Israeli defense minister resigns, cites 'lack of trust' in Netanyahu

Israel's former defense minister announced his resignation from Prime Minister Benjamin Netanyahu's government on Friday, citing a lack of "trust".

In a Facebook post, Moshe Yaalon said that he told Netanyahu that "following his conduct in recent developments and in light of the lack of trust in him, I am resigning from the government and the Knesset (Israel's parliament) and taking a time out from political life."

Yaalon resigned after Netanyahu ousted him as defense minister and appointed former foreign minister Avigdor Lieberman, one of Israel's most controversial politicians, to take his place. The Jerusalem Post reported that Netanyahu had planned to offer Yaalon the job of foreign minister as compensation.

Netanyahu and Yaalon had clashed in recent days over the role of the military in public discourse, with the prime minister arguing that military officials should not discuss policy matters publicly.

Tensions between Yaalon and Netanyahu escalated in March, when military leaders criticized a soldier who was caught on video fatally shooting an already-wounded Palestinian attacker. The soldier is now on trial for manslaughter. While Yaalon has backed the military, hard-liners have backed the soldier.

Netanyahu this week invited Lieberman's ultranationalist Yisrael Beteinu party to shore up his shaky parliamentary coalition and negotiation teams have been meeting to hammer out the details of their alliance.

Yaalon's resignation solidifies the takeover of hardliners in the Israeli governmenet.

Many Israelis have questioned the wisdom of appointing Lieberman to the sensitive post of defense minister over Yaalon, a former army chief of staff who is generally respected for his knowledge of military affairs. Polls commissioned by Israeli TV stations broadcast Thursday showed that a majority of Israelis prefer Yaalon as defense minister over Lieberman.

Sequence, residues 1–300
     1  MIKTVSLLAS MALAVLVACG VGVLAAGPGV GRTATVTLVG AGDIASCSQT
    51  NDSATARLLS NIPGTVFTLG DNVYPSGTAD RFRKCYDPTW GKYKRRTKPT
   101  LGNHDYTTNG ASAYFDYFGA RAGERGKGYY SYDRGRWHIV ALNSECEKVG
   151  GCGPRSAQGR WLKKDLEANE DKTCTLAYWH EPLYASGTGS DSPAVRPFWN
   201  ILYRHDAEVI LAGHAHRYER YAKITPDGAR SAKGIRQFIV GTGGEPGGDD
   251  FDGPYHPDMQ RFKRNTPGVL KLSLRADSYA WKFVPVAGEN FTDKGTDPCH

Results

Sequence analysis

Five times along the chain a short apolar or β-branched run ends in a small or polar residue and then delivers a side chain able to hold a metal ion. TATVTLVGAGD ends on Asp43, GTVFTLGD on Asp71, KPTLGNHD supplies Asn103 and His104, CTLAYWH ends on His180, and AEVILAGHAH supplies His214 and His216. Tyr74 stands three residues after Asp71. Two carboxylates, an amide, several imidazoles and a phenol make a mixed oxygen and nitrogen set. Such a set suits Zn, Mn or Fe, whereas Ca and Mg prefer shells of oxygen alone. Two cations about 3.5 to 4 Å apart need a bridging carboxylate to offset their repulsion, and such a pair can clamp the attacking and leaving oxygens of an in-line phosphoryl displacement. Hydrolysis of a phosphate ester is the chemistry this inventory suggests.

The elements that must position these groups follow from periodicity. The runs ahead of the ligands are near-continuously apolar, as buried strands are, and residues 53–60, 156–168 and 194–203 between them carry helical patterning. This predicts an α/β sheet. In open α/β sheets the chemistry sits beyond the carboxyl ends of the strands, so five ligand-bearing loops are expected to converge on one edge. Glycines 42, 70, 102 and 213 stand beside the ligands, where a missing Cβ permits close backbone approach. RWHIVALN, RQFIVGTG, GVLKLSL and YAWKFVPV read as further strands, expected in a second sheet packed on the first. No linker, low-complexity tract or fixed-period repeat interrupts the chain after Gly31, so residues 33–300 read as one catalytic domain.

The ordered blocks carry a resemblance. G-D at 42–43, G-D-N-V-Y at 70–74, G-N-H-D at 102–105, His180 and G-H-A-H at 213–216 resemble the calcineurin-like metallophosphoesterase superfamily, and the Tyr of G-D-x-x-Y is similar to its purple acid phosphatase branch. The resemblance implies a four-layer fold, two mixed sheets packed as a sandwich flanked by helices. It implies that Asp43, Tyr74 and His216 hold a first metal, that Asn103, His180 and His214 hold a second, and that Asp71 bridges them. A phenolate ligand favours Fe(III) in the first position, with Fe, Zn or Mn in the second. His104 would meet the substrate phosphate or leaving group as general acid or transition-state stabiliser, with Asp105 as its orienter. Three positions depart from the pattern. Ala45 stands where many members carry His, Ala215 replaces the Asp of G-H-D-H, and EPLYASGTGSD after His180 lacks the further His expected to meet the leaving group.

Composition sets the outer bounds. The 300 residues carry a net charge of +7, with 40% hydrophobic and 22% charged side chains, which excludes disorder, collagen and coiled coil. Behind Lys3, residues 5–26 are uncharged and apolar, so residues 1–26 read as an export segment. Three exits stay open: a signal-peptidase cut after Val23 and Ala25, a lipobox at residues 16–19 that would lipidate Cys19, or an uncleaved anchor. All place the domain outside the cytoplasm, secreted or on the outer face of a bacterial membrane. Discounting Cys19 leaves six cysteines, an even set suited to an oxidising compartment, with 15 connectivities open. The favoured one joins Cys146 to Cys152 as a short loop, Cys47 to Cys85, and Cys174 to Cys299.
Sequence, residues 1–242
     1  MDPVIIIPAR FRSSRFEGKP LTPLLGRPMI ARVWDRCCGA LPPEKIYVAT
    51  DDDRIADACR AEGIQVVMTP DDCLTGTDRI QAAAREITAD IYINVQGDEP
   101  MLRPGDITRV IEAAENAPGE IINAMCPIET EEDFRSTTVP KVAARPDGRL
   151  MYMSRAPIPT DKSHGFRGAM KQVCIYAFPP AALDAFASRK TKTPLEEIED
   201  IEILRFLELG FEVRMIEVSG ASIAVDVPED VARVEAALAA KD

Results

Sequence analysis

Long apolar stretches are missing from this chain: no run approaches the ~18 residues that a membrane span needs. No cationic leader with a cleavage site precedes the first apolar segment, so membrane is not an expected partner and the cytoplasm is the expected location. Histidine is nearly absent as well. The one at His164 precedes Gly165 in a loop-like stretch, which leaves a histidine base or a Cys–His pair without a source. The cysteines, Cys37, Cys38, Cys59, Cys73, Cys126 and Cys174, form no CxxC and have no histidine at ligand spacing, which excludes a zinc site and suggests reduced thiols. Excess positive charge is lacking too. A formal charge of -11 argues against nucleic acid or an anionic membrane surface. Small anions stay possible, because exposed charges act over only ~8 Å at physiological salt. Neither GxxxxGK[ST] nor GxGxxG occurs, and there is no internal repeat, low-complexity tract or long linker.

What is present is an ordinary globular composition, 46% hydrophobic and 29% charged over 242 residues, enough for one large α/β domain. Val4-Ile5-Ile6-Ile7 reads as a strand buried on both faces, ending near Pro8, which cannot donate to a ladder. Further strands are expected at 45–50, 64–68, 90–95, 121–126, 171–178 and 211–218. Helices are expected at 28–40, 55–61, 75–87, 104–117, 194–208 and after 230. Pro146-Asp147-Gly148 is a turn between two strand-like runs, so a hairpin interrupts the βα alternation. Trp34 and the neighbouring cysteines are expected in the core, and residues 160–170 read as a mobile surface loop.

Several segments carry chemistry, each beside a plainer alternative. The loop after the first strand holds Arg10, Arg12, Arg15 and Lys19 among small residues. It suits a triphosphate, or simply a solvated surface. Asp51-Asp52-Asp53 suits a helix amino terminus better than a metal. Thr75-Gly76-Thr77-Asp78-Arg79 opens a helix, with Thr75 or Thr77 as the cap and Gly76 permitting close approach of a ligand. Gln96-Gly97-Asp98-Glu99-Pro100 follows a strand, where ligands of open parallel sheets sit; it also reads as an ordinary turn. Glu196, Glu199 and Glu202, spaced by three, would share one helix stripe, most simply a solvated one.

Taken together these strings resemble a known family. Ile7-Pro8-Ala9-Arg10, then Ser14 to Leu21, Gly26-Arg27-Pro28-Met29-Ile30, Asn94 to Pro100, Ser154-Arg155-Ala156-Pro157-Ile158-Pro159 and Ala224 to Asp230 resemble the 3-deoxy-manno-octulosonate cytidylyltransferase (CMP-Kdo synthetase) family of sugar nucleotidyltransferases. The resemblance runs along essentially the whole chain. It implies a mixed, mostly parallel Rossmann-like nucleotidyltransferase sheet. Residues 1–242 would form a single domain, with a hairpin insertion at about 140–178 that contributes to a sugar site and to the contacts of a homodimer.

Lieberman has held a number of Cabinet posts in the past, including stints as foreign minister. Over three decades, he has at times been Netanyahu's closest ally and at other times a fierce rival.

His hard-line stance has made him an influential voice at home but has at times alienated Israel's allies overseas. He has questioned the loyalty of Israel's Arab minority and confronted Israel's foreign critics. He has expressed skepticism over pursuing peace with the Palestinians, and is now pushing a proposal to impose the death penalty against Arabs convicted of acts of terrorism.

With Israeli-Palestinian peace efforts in a deep freeze, Lieberman's addition to the government could push the prospect of reviving talks even further into the distance.

Lieberman rose to prominence as the engineer of Netanyahu's successful run for prime minister in 1996, and he later became Netanyahu's chief of staff.

His tough stances have long stoked controversy. As a Cabinet minister last decade, he called for the bombing of Palestinian gas stations, banks and commercial centers.

He also led a recent parliamentary drive to exclude Arab parties from running for election -- a move that was overturned by Israel's Supreme Court.

Yet despite his rhetoric, Lieberman has shown signs of pragmatism. He served as a Cabinet minister in two centrist Israeli governments, though he was fired for opposing Israel's 2005 withdrawal from Gaza and resigned to protest peace talks that begun at the 2007 conference in Annapolis. His plan for redrawing Israel's borders would also mean dismantling some Jewish settlements.

The Associated Press contributed to this report.